Growing up, we probably all had a variety of interests and hobbies. I excelled at math and science; I knew I had an analytical mind. But I also enjoyed music, art, and writing. I could be equally satisfied memorizing biochemistry cycles or completing calculus problems as I was writing, playing piano, or singing.
I was fortunate to have a support system and upbringing that encouraged development of "both sides" of my brain, so the two were able to coexist quite comfortably, and often fed and played off each other. I put this in quotes, as we know that individuals aren't truly "left" or "right" brained; this is somewhat of a myth. Perhaps we label people as "left-brained" or "right-brained" because it makes it easier for us to classify a person's interests and inclinations.
Physicians are often naturally (and appropriately) labeled as analytical, scientific, and logical. But some of the most creative and innovative minds I have come across are also those of physicians. Interestingly, I find that originality, creativity, and innovation aren't naturally attributed to physicians. Why is this so? Do analytical thinking and creativity have to be mutually exclusive?
Perhaps this relates to the uniqueness of the medical journey: long hours; sleepless nights; grit; dedication and determination; high intellectual and emotional demands. Unintentionally, this journey might force one to "neglect" or "hide" other interests.
The long years of perfecting our clinical and academic skills, understandably, can often leave no bandwidth or time for other pursuits. Yet even when there is time, it can seem as though spending time on those other interests feels like "cheating on medicine." Part of this may be due to how much "physician" and "doctor" become part of our identities. Part of this may also be fear of judgement. If we share all of ourselves (including other interests and hobbies), will other doctors and healthcare professionals think we are less committed clinicians? Are we less committed to medicine?
While COVID-19 caused tremendous hardship to the healthcare system as a whole, it did result in self-reflection and some dedicated thought to how we can live more balanced lives as physicians. For some, as social events and other activities were shut down, perhaps it was an opportunity to revisit those long-lost "right-sided" interests.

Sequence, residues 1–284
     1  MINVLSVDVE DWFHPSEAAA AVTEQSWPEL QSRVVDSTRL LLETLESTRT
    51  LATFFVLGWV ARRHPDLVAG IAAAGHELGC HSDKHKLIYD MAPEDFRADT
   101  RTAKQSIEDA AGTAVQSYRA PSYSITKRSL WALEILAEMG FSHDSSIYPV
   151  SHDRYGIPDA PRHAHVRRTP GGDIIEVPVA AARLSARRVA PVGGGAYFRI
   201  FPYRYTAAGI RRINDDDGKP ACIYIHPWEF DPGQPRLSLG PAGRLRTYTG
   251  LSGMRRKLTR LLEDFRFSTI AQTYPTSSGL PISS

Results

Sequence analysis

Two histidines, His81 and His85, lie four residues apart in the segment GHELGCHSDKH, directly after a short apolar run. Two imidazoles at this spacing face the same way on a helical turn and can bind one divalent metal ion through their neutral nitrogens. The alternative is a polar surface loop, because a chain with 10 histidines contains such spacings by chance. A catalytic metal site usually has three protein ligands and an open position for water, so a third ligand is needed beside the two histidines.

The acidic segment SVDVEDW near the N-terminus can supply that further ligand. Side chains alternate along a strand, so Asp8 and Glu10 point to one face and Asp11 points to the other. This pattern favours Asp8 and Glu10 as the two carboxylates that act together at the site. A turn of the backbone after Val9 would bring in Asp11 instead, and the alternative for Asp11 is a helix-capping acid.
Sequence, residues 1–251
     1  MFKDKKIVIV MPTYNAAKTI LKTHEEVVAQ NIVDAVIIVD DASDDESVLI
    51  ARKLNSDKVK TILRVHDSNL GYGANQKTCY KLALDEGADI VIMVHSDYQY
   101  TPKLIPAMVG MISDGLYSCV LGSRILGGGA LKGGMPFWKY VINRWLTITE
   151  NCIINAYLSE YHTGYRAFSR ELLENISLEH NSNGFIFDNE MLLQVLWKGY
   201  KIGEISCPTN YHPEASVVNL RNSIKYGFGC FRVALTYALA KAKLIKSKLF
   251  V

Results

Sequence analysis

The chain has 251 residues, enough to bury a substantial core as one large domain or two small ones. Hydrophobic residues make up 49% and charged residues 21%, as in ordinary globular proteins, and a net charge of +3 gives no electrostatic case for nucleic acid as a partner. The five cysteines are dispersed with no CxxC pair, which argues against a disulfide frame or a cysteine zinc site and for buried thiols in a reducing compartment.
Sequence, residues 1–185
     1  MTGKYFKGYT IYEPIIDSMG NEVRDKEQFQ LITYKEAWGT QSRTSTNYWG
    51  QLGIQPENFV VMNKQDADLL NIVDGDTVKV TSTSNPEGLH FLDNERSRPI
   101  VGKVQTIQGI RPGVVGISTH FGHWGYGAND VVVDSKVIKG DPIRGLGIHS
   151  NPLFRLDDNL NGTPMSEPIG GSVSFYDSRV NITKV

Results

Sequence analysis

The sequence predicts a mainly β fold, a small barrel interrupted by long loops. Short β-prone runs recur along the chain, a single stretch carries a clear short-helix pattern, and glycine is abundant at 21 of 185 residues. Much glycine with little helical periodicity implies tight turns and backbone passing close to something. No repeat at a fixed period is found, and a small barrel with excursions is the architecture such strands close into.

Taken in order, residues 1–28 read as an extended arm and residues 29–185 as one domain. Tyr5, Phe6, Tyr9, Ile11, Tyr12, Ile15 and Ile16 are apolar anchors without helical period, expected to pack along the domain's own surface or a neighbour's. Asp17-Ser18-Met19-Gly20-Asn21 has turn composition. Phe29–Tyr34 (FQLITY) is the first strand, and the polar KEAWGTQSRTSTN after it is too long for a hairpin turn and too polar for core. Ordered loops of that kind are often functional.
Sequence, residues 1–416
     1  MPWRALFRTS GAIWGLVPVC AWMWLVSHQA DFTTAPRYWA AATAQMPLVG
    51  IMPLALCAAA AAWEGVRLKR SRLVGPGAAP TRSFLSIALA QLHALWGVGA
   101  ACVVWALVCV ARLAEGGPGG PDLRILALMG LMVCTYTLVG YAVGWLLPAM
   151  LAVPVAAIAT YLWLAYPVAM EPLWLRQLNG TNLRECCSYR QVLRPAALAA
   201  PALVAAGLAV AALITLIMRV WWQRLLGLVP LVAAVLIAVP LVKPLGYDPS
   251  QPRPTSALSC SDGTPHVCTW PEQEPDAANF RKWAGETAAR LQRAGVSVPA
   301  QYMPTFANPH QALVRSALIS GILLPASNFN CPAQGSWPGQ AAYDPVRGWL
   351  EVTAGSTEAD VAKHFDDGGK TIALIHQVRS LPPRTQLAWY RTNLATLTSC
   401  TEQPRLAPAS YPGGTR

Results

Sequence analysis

I have found that using my "right" brain has had some inadvertent positive consequences:
My clinical/medical job as a doctor and academic cardiologist provides great fulfillment for my analytic and scientific brain. It feeds my inner nerd.
My pursuits in writing, social media, etc., have provided a necessary lifestyle balance. It gives my analytical mind (which is often disproportionately overused) a much needed rest. And it allows me to exercise my creative mind.
The ability to rest my analytical mind, interestingly, allows me to return to clinical medicine repeatedly with a fresh mind and newfound energy, and arguably makes me a better doctor and clinician.
What I have also found is that it is often at the intersection of analytical/technical skills and creativity where magic happens.
Disclaimer: The above article is intended for informational purposes only. It is not professional medical advice. If you believe you may have a medical emergency, immediately call your physician or 911.
Dr Thachil's clinical interests including acute cardiovascular care, cardiac critical care, and health disparities. Her nonclinical interests include personal development, blogging, and writing (at thachilmd.com and YouTube).
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Any views expressed above are the author's own and do not necessarily reflect the views of WebMD or Medscape.
Cite this: Rosy Thachil. How Expressing Creativity Will Make You a Better Doctor - Medscape - Sep 28, 2022.